GATLINBURG, Tenn. (AP) - Growing up in Memphis, the son of a homicide detective and a cosmetologist, Cassius Cash didn’t dream of one day being the superintendent of the Great Smoky Mountains National Park.
He was set, instead, on being a doctor.
As a pre-med student in biology at the University of Arkansas at Pine Bluff, however, the pathway for the Smokies’ new leader came to a crossroads.
On the way to band practice - he played in the band for 15 years - Cash heard some talk that the U.S. Forest Service was on campus conducting interviews.
A junior in a science field, Cash thought why not interview? It might be good practice.
“The only thing that came (to mind) was Smokey the Bear,” Cash said with a smile Thursday morning from his office at park headquarters, where he was beginning his fourth day on the job.
“You could tell it was trying to fit a round (peg) into a square (hole), of trying to make it work, because it was a wildlife internship,” Cash said.
But something buried deeper in his background was about to turn the interview on its head.
“When I mentioned I was a Boy Scout, that turned the whole interview around.”
Cash’s days of walking through the Memphis housing projects to get to weekly scout meetings were now paying off.
“Troop 511,” Cash recalled. “Mr. Peabody, I think he was a retired Marine. I was hell-bent on making sure I made those meetings every week.”
Those meetings, and lots of childhood memories of spending Sunday afternoons watching Mutual of Omaha’s “Wild Kingdom,” drew Cash to the potential of altering his career plans.
The interview was successful, and Cash earned an offer for an internship in Washington state.
It was something he couldn’t pass up.
“It was a leap of faith,” he said. “That was the first and last argument I ever had with my mom. She wasn’t letting her baby go way out west to Washington state to be in the woods.” But that leap, and a mountain of hard work, has led Cash to where he is now - the first African-American superintendent of the Great Smoky Mountains National Park.
And it’s that leap that Cash uses today when he talks to children about their own futures.
“When I talk to kids, I talk about allowing the curiosity of success overwhelm the fear of failure,” Cash said. “I went against that grain, and it was really scary for me. But it paid off.”
It’s something he said he hopes to communicate to local kids, as well as those back home in Memphis.
“My focus here, in North Carolina, and when I have opportunities to go back to Memphis, it’s going to be letting kids know that you can do this too,” he said. “One of the (reasons) why it seemed so impossible (to me) was I didn’t see anyone that looked like me doing it.”
Through part of a week, Cash said he’s thoroughly enjoying the Smokies.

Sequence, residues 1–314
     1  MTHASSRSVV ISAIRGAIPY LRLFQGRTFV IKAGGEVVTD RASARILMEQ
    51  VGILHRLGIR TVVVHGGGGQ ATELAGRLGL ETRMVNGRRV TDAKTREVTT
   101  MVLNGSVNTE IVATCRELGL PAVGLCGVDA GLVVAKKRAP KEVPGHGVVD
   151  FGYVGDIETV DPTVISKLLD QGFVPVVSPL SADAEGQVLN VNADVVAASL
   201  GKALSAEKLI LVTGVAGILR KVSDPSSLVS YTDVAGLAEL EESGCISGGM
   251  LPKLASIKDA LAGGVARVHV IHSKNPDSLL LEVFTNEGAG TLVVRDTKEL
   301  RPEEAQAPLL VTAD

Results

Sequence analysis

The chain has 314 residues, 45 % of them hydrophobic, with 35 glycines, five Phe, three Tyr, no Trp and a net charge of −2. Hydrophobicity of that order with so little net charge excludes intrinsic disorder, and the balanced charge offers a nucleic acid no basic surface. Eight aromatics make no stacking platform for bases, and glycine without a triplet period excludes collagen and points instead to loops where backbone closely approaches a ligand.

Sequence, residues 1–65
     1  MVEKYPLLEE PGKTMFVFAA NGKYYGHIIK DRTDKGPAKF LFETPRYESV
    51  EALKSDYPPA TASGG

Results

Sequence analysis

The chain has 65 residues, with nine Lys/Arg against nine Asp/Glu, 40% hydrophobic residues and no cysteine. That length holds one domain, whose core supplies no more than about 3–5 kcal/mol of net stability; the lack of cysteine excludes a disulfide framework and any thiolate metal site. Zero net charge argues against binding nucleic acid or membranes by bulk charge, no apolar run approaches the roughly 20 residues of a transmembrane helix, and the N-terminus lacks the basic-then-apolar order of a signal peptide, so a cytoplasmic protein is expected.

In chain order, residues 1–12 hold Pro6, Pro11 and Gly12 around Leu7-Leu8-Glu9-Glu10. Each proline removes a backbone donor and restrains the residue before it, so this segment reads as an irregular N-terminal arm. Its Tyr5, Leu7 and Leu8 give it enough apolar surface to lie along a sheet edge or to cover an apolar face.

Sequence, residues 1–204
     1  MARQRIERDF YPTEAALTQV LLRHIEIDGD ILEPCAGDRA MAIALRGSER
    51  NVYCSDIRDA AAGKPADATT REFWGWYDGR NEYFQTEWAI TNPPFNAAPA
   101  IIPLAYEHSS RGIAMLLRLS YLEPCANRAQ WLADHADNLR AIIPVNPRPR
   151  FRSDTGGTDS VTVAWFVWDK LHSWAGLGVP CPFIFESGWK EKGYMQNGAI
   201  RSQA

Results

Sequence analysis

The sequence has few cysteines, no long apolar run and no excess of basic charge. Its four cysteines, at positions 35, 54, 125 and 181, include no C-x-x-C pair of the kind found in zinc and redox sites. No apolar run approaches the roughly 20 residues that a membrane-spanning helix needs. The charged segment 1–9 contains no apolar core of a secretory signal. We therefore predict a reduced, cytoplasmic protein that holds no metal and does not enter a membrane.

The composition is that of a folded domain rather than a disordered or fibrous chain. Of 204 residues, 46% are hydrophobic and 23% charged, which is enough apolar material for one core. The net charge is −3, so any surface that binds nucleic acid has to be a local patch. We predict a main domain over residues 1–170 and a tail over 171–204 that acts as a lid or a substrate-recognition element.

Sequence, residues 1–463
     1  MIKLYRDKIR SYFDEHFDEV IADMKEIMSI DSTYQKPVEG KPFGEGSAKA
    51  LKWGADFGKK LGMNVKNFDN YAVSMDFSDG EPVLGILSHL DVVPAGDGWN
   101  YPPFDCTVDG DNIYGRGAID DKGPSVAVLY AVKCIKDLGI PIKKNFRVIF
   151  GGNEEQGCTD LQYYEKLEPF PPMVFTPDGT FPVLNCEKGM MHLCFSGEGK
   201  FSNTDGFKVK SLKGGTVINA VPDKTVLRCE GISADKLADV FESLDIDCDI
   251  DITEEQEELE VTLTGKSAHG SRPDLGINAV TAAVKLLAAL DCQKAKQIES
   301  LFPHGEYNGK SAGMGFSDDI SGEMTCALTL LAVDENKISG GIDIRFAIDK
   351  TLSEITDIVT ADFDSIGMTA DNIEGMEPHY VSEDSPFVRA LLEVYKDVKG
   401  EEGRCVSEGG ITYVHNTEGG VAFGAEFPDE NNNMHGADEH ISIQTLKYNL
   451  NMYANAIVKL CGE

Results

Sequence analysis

“When I walk down from the government housing along the creek, I still have to pinch myself and say this is actually real,” Cash said.
“It was quite a process to go through, as you would imagine. This being the (National Park System’s) jewel of the east, there’s a lot of interest nationwide. So it took me a while to just grasp that I’m the next one to be honored to be in this position.”
Cash says his main focus as superintendent will be simple.
“I just want to do right by the park,” he said. “I want to leave it in a better place than I found it, and so all of the other things outside of that … really don’t matter to me. I just want to do right by the park.”
So far, Cash’s time has been a whirlwind.
“(It’s been) unpacking the boxes, people coming by to introduce themselves, and I had my first meet-and-greet with employees yesterday,” Cash said. “That was great. I truly understand why people have been here for 15-20 years.
“I just don’t know what else can top being here in Gatlinburg and working over in North Carolina with such invaluable resources. I don’t know what can top it.”
Cash said he’s looking most forward to seeing the park’s wildflowers and the changing of colors in the fall.
“I want to see the wildflowers. I hear that people from all around the country come to see the unique species of wildflowers that are here, only in the Smokies,” he said. “And, coming from New England, I’m really interested in seeing leaf-peeping compared to the Boston/New England area to here. I’m looking forward to seeing a vast, open landscape … of that unique beauty.”
Cash’s wife and daughters are still in New England, but he hopes they will be able to join him in East Tennessee soon.
“They’re still fighting that snow in Boston,” Cash said. “It depends on how lucky we are trying to sell our house with 8-foot snow drifts.
“If we sell that house early enough, like before spring break, we might move them on down.”
The superintendent said he’s not concerned with his family adjusting to small town life from the metro Boston area. They have done small towns before.
Cash said the family lived in a town of just 4,000 in the plains of Nebraska when he was still working for the U.S. Forest Service.
“We’re not unfamiliar with small communities, and now that we’ve had a chance to live in a big city, I think we have an affinity to coming back to this and being close to the outdoors,” Cash said. “We went and did two or three days of backcountry hiking in Acadia this past summer in Maine, and I saw the family react, and I said at that time, ‘If I get this job, it’s going to really feel right.’”
Information from: The Mountain Press, https://www.themountainpress.com
Copyright © 2021 The Washington Times, LLC.